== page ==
Kelly Tomblin, the new CEO of the Jamaica Public Service Company (JPS), the light and power company, has started well. Rather, in her first interview with this newspaper, she was soothing.
But neither empathy nor intent to soften the hardened image of the JPS will be enough. If JPS is to be a player in Jamaica’s energy future, it has to be fully engaged in efforts for the efficient delivery of power to customers, which will require it to be a vastly more efficient operation.
Put another way, it just won’t do for the JPS to use two barrels of oil equivalent to generate the electricity to light a simple 100-watt incandescent bulb for a year. Nor can it be tolerated that more than 70 per cent of the fuel, mostly expensive oil, it consumes goes to waste, producing nothing.
Indeed, JPS has to convince Jamaicans that it can, and will, be a serious contributor to efforts to slash the price of electricity from around US$0.41 per kilowatt-hour to the US$0.10-US$0.15 required for the Jamaican economy to have a reasonable chance of competing with its neighbours.
In this regard, the contribution of the Energy Think Tank at the University of the West Indies, Mona, to the energy debate, by making the issue accessible to most people – such as with the light bulb example – is important.
The group bases its conclusion on the fact that the value of a barrel of oil equivalent is 1.7 megawatt hours, or 1,700 kilowatt-hours (kWh). A 100-watt incandescent bulb, burning continuously for 365 days, or 8,760 hours, would consume 876 kilowatt-hours, or 51 per cent of the electricity output of a barrel of oil equivalent.
But at the rate at which JPS converts its fuel to electricity, the company gets only 35 per cent of its energy value. Old equipment and other inefficiencies mean that 65 per cent goes up in smoke – literally.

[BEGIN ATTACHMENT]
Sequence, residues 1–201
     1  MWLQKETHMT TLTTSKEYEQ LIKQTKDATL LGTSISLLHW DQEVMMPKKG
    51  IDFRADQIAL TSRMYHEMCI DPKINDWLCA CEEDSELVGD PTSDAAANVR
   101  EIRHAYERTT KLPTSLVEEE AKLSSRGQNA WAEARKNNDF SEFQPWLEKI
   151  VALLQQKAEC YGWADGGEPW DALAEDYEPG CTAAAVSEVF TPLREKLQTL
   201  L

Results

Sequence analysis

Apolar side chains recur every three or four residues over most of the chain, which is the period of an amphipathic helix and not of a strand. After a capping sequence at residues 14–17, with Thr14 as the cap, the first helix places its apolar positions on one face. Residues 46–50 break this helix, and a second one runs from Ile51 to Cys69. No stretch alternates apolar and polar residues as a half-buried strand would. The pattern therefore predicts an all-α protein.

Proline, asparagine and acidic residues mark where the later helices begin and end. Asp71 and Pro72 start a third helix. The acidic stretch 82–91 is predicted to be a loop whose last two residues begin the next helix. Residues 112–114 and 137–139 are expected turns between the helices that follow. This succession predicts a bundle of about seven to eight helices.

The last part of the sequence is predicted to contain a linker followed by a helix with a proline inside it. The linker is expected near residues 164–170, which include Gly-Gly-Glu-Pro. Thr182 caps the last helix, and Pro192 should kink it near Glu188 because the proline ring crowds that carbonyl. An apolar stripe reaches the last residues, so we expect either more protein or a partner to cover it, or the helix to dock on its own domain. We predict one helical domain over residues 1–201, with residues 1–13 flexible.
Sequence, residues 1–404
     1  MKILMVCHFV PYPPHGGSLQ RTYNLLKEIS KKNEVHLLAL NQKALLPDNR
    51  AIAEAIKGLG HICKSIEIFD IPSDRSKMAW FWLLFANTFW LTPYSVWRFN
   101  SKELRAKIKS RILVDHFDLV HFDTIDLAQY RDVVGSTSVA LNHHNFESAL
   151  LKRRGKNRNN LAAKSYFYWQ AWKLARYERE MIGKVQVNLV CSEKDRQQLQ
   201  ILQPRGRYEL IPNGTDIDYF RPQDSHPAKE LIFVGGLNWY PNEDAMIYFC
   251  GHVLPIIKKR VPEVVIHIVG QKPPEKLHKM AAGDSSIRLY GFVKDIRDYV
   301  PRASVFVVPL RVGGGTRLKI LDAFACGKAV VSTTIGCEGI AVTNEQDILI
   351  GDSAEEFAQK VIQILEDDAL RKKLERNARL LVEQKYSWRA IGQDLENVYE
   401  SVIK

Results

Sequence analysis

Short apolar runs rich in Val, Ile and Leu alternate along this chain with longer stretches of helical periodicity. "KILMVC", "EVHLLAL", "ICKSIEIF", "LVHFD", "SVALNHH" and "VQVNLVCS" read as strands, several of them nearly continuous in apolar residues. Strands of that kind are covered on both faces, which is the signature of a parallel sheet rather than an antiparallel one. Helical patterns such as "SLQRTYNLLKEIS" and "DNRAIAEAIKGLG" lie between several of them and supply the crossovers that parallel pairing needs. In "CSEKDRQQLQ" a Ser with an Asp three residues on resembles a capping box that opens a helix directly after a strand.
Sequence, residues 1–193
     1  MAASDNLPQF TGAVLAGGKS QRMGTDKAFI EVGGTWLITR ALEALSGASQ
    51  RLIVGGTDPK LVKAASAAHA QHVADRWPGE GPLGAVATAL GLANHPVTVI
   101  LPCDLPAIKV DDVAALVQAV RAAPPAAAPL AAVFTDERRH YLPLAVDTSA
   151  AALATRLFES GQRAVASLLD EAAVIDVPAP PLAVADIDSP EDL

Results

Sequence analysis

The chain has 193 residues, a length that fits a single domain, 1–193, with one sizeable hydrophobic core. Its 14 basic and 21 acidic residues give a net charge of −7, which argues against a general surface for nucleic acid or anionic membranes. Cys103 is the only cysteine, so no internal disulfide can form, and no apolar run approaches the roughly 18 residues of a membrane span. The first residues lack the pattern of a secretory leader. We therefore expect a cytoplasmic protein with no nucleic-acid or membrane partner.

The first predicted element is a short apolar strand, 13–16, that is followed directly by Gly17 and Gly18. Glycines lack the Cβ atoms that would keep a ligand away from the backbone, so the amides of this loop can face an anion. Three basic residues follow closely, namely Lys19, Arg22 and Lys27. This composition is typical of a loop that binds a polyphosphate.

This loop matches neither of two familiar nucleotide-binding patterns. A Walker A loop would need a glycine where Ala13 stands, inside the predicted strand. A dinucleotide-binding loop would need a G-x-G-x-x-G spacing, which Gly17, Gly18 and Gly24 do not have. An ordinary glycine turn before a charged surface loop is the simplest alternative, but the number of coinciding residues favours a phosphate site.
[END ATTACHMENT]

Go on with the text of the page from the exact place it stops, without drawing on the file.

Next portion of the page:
Rethink both cost and technology
Of the electricity generated by the little more than one-third of a barrel of oil that is actually converted to power, 23 per cent is lost in transmission and distribution, a combination of technical loss and consumer theft. So, only 27 per cent of the potential energy from a barrel of oil burned by JPS reaches its consumers, or, in this case, the Energy Think Tank’s 100-watt bulb.
We note Ms Tomblin’s allusion to the 360-megawatt gas-fired plant that JPS won a tender to install, which promises to cut the cost of electricity by a third. That is a start, but hardly the full solution to an energy-competitive Jamaican economy. For while fuel type is critical, it is not the only issue relevant to the delivery of competitive power in Jamaica. Plant technology, for instance, will be important, as well its financing cost.
These matters need to be fully and honestly ventilated – from all angles. So, too, must be the matter of competition.
On the latter point, given her assertion about the inefficacy of multiple grids in small countries, we suppose that Ms Tomblin has not yet been fully briefed on the competition model for transmission and distribution floated by the Government.